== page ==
Friday of the Third Week in Ordinary Time
(Hebrews 10:32-39; Mark 4:26-34)
During World War II a Protestant community in rural France saved an estimated 5000 Jews from the Holocaust. The Huguenots of Le Chambon-sur-lignon sheltered and hid Jewish refugees from the Nazis and their French collaborators. The townspeople provided their persecuted guests with papers and transport to freedom in Switzerland. Moved by the collective memory of their ancestors being victims of Catholic persecution centuries before, they responded with compassionate service to the horrific ordeal of the Jews. Their story reflects the first reading today.
The author of the Letter to the Hebrews reminds the people of their heroism during an earlier persecution. He mentions how they joined in the suffering of fellow Christians who were imprisoned for their faith. The author is encouraging the people not to give up. Rather they must keep practicing what they believe despite trials and the delayed return of Christ.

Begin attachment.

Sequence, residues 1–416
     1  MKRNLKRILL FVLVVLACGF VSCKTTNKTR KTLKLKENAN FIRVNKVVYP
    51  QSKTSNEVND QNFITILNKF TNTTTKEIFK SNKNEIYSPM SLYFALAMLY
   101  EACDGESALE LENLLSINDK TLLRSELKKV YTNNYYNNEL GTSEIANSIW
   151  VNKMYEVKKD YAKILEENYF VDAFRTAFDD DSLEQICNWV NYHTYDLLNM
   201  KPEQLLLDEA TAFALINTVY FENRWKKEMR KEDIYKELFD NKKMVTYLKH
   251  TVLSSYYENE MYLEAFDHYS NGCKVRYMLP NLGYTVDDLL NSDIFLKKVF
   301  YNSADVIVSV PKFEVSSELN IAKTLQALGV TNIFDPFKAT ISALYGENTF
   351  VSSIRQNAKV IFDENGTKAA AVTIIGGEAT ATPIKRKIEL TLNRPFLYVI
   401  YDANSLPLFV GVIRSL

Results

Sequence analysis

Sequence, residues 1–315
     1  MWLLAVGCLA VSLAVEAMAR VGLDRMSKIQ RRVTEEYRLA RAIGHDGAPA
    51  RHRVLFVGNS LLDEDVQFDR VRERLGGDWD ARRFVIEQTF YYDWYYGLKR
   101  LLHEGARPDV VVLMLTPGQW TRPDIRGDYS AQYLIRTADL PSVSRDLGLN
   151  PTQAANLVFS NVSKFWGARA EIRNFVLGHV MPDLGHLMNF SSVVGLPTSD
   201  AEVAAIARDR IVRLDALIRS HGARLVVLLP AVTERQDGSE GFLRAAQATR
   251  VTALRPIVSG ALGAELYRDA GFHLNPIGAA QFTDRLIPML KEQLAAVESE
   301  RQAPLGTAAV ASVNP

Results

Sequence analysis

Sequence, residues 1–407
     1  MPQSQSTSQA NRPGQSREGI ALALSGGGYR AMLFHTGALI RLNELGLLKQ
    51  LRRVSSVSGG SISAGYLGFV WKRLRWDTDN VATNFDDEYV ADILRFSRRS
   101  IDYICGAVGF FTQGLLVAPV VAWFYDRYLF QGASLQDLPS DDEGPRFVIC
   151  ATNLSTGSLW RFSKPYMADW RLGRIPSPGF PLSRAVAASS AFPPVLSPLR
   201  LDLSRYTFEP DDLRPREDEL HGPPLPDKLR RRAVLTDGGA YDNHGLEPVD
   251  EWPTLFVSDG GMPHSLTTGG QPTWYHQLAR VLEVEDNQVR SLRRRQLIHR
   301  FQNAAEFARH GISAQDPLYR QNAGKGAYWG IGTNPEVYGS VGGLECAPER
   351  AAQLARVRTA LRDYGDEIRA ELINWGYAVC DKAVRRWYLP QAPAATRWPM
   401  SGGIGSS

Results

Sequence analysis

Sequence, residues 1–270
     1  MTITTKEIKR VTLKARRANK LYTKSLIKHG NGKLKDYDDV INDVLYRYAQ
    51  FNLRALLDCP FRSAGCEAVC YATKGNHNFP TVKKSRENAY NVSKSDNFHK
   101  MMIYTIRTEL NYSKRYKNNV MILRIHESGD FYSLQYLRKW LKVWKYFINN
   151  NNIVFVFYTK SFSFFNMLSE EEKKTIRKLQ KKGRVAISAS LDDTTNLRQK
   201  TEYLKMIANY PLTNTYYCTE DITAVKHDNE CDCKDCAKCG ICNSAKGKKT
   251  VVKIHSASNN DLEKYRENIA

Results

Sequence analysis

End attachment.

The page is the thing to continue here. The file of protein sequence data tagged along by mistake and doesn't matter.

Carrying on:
There are signs that we are entering into a new era of religious intolerance. Hateful fundamentalists are using militant sections of their religious texts to persecute peoples of other beliefs. Equally discomforting, secularists are ridiculing religion as the source of war among peoples rather than the great pacifier of abusive passions that it has predominantly been. Like the Letter to the Hebrews recommends, we must place our confidence in Christ. He will provide the spiritual resources to endure present difficulties while working for peace among peoples.